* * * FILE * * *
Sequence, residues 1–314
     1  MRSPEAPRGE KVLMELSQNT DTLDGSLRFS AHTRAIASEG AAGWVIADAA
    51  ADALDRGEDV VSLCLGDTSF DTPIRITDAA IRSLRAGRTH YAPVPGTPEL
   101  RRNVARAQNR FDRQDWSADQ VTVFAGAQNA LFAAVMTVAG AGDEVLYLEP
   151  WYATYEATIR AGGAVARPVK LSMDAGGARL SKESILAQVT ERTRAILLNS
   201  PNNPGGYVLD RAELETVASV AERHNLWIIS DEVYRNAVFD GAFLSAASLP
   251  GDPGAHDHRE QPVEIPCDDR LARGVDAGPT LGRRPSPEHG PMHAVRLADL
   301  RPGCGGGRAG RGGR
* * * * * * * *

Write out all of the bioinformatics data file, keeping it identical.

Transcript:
Sequence, residues 1–314
     1  MRSPEAPRGE KVLMELSQNT DTLDGSLRFS AHTRAIASEG AAGWVIADAA
    51  ADALDRGEDV VSLCLGDTSF DTPIRITDAA IRSLRAGRTH YAPVPGTPEL
   101  RRNVARAQNR FDRQDWSADQ VTVFAGAQNA LFAAVMTVAG AGDEVLYLEP
   151  WYATYEATIR AGGAVARPVK LSMDAGGARL SKESILAQVT ERTRAILLNS
   201  PNNPGGYVLD RAELETVASV AERHNLWIIS DEVYRNAVFD GAFLSAASLP
   251  GDPGAHDHRE QPVEIPCDDR LARGVDAGPT LGRRPSPEHG PMHAVRLADL
   301  RPGCGGGRAG RGGR